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House Speaker Nicholas Mattiello said Friday he wants the state's economic development agency and the Pawtucket Red Sox to renegotiate a deal for a new stadium that will reduce the risk to taxpayers and perhaps require the team or its owners to shoulder more of the cost.
Mattiello, a Cranston Democrat, told The Providence Journal in a podcast posted Friday that he's been knocking on doors in his district and the overwhelming majority of people are telling him "no public money" for the project. The cost of the $83 million deal lawmakers are considering shares the costs among the state, Pawtucket and the team, the Triple-A affiliate of the Boston Red Sox.
"What I'm hearing right now is, the public is not necessarily buying in to the proposition of putting public money, or a large amount of public money, into this project. So I think it's incumbent upon the governor and the Commerce Corp. to listen to what I'm saying," he said, adding, "I think the governor and the PawSox and the Commerce Corp. should roll up their sleeves, renegotiate this thing."
Under the proposal, the team would contribute $12 million to the project up front and $33 million financed by a taxable lease revenue bond issued by the Pawtucket Redevelopment Agency. The city would contribute $15 million, and the state would pay $23 million, also financed with bonds from the Pawtucket Redevelopment Agency.
Asked for specific concerns about the deal, Mattiello said the public wants it renegotiated. He added that if Pawtucket has a problem paying back the bonds, it's going to be a state problem in the future.
"We're backstopping this stuff. If it's such a great deal, perhaps a lot of the backstop should come from the PawSox and the owners of the PawSox and take the risk away from the taxpayers," Mattiello said. "So, there are things we can do to tweak this deal. And perhaps maybe a little more money has to go in from the owners. I'm not going to negotiate it."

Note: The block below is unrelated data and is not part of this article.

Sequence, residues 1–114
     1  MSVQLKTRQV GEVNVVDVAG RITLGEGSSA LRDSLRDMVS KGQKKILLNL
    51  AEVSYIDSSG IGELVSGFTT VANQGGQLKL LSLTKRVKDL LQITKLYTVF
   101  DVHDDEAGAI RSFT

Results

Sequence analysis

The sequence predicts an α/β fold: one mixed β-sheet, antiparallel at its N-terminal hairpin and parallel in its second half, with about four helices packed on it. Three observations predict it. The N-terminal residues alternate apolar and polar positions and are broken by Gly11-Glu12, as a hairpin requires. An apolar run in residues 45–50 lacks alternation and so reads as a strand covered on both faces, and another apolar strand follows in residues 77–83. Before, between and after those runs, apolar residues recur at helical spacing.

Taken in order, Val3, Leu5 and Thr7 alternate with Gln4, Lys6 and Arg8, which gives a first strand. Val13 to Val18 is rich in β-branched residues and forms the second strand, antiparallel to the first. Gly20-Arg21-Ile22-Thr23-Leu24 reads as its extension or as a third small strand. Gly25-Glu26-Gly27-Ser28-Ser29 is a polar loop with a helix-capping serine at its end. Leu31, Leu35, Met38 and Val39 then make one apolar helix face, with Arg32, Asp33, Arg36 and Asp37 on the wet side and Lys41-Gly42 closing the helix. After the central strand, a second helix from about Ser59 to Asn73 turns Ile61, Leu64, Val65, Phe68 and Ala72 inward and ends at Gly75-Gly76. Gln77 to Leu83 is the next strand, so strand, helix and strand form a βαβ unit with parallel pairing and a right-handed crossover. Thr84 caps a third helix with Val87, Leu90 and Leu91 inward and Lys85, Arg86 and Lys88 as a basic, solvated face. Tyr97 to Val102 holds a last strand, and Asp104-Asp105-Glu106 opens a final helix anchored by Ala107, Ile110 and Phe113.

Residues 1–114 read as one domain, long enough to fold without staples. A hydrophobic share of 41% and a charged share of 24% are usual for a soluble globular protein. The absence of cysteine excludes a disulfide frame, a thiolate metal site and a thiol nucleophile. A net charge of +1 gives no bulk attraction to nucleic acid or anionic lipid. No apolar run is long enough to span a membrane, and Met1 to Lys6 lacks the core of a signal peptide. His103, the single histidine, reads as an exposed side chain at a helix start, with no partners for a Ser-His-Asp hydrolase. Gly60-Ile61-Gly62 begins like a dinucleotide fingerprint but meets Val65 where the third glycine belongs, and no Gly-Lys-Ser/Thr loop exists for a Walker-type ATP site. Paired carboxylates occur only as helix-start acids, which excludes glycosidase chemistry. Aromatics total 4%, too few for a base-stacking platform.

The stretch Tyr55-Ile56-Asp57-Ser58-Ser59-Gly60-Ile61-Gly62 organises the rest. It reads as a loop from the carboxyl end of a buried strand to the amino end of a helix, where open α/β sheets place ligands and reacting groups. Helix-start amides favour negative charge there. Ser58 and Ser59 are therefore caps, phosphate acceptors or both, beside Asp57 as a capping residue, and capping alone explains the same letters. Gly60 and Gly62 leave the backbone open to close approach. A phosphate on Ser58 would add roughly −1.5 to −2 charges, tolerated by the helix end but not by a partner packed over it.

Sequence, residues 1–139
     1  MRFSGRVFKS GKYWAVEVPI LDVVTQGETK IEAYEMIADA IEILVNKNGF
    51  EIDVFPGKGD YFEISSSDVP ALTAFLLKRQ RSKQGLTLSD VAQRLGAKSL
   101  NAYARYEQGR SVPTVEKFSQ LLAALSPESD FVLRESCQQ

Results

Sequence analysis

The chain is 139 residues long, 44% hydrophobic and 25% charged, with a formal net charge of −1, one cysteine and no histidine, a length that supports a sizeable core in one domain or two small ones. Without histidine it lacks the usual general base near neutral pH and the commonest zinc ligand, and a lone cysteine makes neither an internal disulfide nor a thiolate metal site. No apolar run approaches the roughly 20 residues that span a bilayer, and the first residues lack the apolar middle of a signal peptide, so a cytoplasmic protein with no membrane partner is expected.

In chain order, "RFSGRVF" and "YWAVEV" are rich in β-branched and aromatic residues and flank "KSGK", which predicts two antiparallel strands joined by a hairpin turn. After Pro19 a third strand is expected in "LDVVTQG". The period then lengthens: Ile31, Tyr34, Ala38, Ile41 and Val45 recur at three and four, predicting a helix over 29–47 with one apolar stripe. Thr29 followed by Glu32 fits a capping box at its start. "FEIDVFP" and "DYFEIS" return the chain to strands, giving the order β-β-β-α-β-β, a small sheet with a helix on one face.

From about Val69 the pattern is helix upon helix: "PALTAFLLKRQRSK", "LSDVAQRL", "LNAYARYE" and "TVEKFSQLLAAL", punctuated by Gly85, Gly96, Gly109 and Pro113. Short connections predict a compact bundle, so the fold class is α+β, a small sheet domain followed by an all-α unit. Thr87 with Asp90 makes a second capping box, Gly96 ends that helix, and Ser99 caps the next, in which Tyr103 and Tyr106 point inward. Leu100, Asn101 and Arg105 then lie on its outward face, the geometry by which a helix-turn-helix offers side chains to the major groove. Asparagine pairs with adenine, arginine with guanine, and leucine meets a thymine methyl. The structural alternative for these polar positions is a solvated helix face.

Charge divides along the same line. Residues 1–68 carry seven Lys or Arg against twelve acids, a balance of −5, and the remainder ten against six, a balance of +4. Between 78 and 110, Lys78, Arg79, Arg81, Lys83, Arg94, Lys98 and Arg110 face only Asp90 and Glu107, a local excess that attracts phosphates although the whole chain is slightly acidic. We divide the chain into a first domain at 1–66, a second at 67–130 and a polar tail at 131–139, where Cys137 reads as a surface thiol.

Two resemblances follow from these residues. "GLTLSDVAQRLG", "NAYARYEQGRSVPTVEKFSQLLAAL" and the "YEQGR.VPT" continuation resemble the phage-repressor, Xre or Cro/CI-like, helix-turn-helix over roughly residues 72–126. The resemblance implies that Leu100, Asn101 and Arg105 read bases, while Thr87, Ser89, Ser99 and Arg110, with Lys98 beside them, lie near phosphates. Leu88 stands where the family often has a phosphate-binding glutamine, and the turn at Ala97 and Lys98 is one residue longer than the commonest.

He added that he wants to be comfortable that there is no additional risk to the taxpayers.
"Right now, I'm just not convinced we're there," he said.
The PawSox say their longtime home, McCoy Stadium, is out of date. PawSox Chairman Larry Lucchino has said the team's owners "have learned our lessons" after their 2015 request for about $120 million from taxpayers for a new stadium in Providence met strenuous public opposition. He has asked people to keep an open mind this time, calling it a "very different proposal" that will pay for itself over time. He has said the stadium project would "revitalize an underperforming part of downtown" Pawtucket by spurring nearby development of stores, restaurants and homes.
Democratic Gov. Gina Raimondo has said if the team wants the state to help build the stadium it's going to have to disclose more of its financial information.
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